Preston Tucker had a radical idea. In the aftermath of World War II, when domestic automakers were peddling warmed-over versions of the same designs they'd been selling before the conflict, Tucker thought he'd launch an all-new car company. One dedicated to creating a vehicle that would feature advanced technology, life-saving safety enhancements, improved efficiency, new applications of aerodynamics, and a simple driver interface, all motivated by a cutting edge and untested powertrain.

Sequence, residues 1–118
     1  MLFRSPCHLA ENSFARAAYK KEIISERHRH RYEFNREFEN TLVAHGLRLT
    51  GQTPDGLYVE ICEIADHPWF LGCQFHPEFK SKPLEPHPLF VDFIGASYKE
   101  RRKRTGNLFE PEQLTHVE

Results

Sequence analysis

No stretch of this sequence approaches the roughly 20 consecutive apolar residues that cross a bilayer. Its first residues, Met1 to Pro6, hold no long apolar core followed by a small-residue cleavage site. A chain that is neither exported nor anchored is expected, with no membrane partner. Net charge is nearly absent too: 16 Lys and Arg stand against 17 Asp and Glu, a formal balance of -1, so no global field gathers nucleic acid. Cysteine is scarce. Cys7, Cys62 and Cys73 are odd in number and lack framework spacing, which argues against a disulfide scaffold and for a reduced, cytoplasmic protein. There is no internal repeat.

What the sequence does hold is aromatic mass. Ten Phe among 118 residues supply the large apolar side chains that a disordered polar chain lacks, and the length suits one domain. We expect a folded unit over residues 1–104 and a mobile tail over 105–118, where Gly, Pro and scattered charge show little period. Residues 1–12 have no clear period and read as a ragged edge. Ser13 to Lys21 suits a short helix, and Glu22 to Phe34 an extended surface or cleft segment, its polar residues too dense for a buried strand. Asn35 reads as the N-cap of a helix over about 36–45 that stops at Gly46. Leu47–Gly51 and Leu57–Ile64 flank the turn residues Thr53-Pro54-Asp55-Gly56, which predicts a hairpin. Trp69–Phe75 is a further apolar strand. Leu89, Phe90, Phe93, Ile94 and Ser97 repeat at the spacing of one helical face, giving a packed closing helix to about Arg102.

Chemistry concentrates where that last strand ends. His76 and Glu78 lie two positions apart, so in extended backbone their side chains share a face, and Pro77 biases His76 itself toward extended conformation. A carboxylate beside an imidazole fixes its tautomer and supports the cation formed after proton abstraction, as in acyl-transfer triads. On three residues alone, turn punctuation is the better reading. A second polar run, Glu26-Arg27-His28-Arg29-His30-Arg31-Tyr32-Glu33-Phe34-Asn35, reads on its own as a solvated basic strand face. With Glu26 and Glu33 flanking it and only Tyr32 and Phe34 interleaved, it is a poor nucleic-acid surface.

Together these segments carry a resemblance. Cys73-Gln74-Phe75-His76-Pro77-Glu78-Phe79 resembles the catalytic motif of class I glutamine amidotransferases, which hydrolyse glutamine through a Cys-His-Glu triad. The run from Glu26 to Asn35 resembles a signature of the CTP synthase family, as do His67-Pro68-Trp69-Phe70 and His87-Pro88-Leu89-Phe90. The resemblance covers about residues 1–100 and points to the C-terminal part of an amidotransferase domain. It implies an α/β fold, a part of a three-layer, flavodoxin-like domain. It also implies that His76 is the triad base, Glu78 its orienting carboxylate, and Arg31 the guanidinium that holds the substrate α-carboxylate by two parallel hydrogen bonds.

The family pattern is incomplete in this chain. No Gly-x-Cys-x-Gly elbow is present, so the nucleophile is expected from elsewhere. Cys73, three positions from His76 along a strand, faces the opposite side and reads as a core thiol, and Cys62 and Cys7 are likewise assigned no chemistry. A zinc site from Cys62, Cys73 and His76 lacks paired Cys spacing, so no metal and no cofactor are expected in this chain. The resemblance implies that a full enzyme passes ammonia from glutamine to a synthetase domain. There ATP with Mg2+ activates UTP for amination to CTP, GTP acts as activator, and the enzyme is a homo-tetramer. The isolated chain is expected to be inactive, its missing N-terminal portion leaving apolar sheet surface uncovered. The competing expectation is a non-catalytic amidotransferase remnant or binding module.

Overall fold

Tucker was a gifted performer and an egomaniac who insulated himself from criticism by surrounding himself with acolytes. He knew how to manipulate the press (though it often bit back). He whipped potential consumers into a frenzy of pre-orders, receiving hundreds of thousands of requests and millions of dollars in deposits, for a car he had yet to design, let alone begin building. He commandeered the biggest factory in the world to build his dream, sized, in part, to match his megalomania.